Royal Dutch Shell has cut the pay of its chief executive by more than 40% in 2020 due to the Covid-19 pandemic which dramatically dropped the demand for oil in the world; 2020 is regarded as the year with the steepest decline in demand for oil. Shell reported a loss of about $20 billion for 2020 due to this lack of demand.
Ben Van Beurden, the CEO, took a cut of around $5.8 million in 2020, and the year before he received a cut of around $10 million, marking the second consecutive year in which the chief executive received a major pay cut. His salary was completely halved back in 2019.
Van Beurden also was reportedly forced to cut Shell’s dividend for the first time since World War 2. It’s expected that the company will be cutting 7,000-9,000 staff members across their global businesses as well. These cuts are also the result of the massive financial loss the company is experiencing due to a lack of need for oil and other fossil fuels, as well as the growing need to live a greener lifestyle.
Shell also announced that its chairman, Chad Holliday, will be stepping down after six years with the company. He will be replaced by the former BHP chief executive Andrew Mackenzie, who also spent six years at his former company. His time with BHP was defined by his coworkers as an “ambitious turnaround in which we were able to streamline operations.”
“Right now it’s a pivotal time for the industry and wider society. I plan to profitably accelerate Shell’s transition into a net zero emissions energy business that would continue to generate substantial value for shareholders, customers and communities alike,” Mackenzie explained. Van Beurden also recently claimed that he was looking forward to working closely with Mackenzie.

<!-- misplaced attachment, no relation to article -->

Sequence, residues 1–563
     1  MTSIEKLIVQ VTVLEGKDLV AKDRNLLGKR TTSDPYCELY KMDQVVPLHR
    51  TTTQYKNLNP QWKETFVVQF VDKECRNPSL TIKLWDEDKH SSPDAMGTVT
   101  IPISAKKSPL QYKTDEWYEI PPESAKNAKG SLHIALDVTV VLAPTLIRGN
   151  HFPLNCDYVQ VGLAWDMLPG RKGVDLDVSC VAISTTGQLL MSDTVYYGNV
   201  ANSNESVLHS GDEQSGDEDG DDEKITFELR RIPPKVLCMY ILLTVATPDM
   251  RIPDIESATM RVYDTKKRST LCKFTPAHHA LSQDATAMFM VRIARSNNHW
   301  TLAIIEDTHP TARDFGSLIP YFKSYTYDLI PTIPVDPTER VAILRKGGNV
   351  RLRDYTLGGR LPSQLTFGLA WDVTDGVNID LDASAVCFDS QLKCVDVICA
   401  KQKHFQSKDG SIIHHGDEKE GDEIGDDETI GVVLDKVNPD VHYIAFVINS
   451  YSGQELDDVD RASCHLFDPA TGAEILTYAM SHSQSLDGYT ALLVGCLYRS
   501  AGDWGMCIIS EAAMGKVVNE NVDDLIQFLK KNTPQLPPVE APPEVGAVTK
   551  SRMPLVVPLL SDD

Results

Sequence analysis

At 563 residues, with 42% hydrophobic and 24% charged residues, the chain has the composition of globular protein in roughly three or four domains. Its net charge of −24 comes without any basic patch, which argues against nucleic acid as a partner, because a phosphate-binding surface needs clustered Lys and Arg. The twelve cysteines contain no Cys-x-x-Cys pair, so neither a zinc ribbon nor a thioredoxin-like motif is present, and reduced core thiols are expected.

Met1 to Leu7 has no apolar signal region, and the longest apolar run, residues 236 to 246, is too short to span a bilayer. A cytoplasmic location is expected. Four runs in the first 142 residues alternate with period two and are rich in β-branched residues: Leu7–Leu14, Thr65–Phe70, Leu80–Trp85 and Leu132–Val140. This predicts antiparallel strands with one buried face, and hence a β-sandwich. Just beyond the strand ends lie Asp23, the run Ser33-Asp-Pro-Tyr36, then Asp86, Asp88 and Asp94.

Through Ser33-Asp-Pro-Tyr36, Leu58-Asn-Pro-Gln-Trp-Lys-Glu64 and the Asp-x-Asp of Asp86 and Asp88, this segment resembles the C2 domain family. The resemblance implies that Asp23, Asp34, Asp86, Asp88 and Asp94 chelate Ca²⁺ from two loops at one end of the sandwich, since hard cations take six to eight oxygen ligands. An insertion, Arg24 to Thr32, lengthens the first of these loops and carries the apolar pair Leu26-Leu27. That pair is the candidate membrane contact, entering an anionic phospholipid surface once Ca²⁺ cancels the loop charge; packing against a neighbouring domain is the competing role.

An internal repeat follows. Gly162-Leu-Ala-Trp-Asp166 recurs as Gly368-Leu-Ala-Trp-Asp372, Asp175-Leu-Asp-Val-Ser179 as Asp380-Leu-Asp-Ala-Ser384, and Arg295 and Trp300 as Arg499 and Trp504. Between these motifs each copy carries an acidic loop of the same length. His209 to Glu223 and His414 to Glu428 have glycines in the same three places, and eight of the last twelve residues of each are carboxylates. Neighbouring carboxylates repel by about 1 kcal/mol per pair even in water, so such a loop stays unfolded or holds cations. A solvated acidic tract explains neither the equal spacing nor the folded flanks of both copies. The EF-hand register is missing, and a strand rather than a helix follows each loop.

“We are emerging from the Covid-19 pandemic with a clear and distinct strategy that I believe will enable us to seize the opportunities presented by the energy transition. I cannot think of anyone better than Andrew to take this role,” he said.
Oil prices have dropped dramatically since March of last year when the pandemic began. This was initially due to traders adjusting their prospects to cope with the lower demand. Shell cut its spending which lowered its pricing and future pricing as well.
Van Beurden refused to take an annual bonus last year, however, he still received one of about $3.7 million due to his long-term incentive plan which initially gave him a bonus of $8 million before his major pay cut back in 2019.
Oil prices have begun recovering in the early parts of 2021 due to dramatic cuts in production, as well as a rollout of multiple vaccine programs throughout the world that is helping stimulate the economy and return the world to a greater sense of normalcy.
Eric Mastrota is a Contributing Editor at The National Digest based in New York. A graduate of SUNY New Paltz, he reports on world news, culture, and lifestyle. You can reach him at firstname.lastname@example.org.